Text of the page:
Excitation of glomus cells: Interaction between voltage-gated K+ channels and cholinergic receptors

Machiko Shirahata, Tomoko Higashi, Serabi Hirasawa, Shigeki Yamaguchi, Robert S. Fitzgerald, Boris Lande

Research output: Chapter in Book/Report/Conference proceedingChapter

Abstract

Systemic hypoxia is a potentially lethal situation for the animal. To protect major organs from irreversible damage, the carotid body, a primary sensory organ for arterial hypoxia, sends a message to the central nervous system and induces various responses in cardiovascular, respiratory, renal, and endocrine systems (1). This is a unique feature of the carotid body: i.e., the consequences of oxygen sensing are not confined within the organ, but are used to serve other organs. Decades of investigations have tried to clarify characteristics of this unique organ, such as oxygen-sensing mechanisms, transduction pathways, and transmission of the information between the glomus cells of the carotid body and the sensory afferent neurons. At present, most investigators propose a model in which glomus cells, the chemosensory cells, release neurotransmitters as a result of an increase in intracellular Ca2+, ([Ca2+]i) in response to stimuli such as hypoxia. The resulting interaction of neurotransmitters and their receptors generates action potentials in the chemosensory afferent fiber. In this schema, neurotransmitters, their receptors, and ion channels are critical components. To date, much information has been gathered regarding the effects of hypoxia on several types of ion channels in glomus cells. However, it is still difficult to obtain a unified view of the mechanisms of chemoreception and chemotransduction in the carotid body. Perhaps a deeper understanding of the mechanisms involved in the hypoxic excitation of the carotid body can be gained by considering the fact that all channels and receptors are operating together, and their cross-talk, not the action of single component, determines the excitability of glomus cells. In this chapter we present an example of such interactions. In brief, we have found that cholinergic receptors modify the activity of voltage-gated K+ channels (Kv channels).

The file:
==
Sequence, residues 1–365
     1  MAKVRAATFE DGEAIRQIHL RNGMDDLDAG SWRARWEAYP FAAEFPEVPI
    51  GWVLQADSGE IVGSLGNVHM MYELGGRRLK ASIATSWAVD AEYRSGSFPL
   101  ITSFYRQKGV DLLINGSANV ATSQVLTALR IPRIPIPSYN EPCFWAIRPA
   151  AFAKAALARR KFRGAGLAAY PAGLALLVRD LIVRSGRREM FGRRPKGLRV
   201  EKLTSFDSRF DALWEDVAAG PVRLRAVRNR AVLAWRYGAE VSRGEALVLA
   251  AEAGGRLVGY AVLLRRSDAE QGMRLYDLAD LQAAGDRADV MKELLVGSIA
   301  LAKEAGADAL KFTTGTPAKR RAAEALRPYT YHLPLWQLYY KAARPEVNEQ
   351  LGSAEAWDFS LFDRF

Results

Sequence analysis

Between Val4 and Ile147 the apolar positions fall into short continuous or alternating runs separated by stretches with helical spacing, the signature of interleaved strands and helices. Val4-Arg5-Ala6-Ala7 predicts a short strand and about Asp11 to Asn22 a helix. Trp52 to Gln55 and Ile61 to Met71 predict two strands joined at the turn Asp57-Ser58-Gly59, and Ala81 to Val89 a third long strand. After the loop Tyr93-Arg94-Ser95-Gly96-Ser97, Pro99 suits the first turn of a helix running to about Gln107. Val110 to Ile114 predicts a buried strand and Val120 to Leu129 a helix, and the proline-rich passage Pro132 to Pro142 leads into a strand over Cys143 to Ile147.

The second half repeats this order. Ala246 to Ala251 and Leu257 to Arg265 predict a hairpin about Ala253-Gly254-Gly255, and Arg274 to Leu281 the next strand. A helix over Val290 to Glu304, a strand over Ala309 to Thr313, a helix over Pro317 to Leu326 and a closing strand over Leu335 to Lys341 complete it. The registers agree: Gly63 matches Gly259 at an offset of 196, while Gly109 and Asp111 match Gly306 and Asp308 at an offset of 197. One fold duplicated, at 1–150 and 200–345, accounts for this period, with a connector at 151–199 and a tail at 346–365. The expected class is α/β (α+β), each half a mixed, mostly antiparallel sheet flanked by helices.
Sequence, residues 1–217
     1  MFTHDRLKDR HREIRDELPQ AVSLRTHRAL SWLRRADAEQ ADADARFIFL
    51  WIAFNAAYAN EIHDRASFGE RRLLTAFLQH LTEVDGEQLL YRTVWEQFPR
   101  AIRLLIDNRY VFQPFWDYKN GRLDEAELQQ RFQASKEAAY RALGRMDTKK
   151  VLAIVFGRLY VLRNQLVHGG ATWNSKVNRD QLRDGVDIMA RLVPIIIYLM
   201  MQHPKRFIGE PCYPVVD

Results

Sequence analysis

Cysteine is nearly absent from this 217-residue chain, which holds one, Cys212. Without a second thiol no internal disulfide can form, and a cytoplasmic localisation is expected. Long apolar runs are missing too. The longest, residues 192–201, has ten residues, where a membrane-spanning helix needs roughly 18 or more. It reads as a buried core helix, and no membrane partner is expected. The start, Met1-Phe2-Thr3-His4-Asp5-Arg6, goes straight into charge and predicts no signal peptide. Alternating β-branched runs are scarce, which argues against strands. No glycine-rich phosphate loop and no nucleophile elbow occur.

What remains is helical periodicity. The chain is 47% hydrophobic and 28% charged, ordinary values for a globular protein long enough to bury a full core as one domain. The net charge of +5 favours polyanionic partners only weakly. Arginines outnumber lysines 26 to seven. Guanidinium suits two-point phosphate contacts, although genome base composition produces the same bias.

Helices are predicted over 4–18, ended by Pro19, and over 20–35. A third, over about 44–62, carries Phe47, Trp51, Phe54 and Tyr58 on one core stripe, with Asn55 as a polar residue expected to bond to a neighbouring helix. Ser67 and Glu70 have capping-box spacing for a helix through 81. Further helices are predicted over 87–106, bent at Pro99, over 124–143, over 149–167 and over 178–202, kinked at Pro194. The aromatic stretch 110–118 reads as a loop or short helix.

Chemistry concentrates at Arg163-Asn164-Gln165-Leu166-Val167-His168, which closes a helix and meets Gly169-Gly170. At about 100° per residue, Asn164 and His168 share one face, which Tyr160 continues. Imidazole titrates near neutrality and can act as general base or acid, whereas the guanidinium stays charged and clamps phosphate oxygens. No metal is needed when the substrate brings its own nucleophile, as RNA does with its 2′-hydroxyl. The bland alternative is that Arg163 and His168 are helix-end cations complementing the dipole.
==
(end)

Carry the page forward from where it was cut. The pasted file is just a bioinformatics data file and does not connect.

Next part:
Original languageEnglish (US)
Title of host publicationOxygen Sensing
Subtitle of host publicationResponses and Adaption to Hypoxia
PublisherCRC Press
Pages371-389
Number of pages19
ISBN (Electronic)9780824748456
ISBN (Print)9780824709600
StatePublished - Jan 1 2003

ASJC Scopus subject areas

  • Medicine(all)

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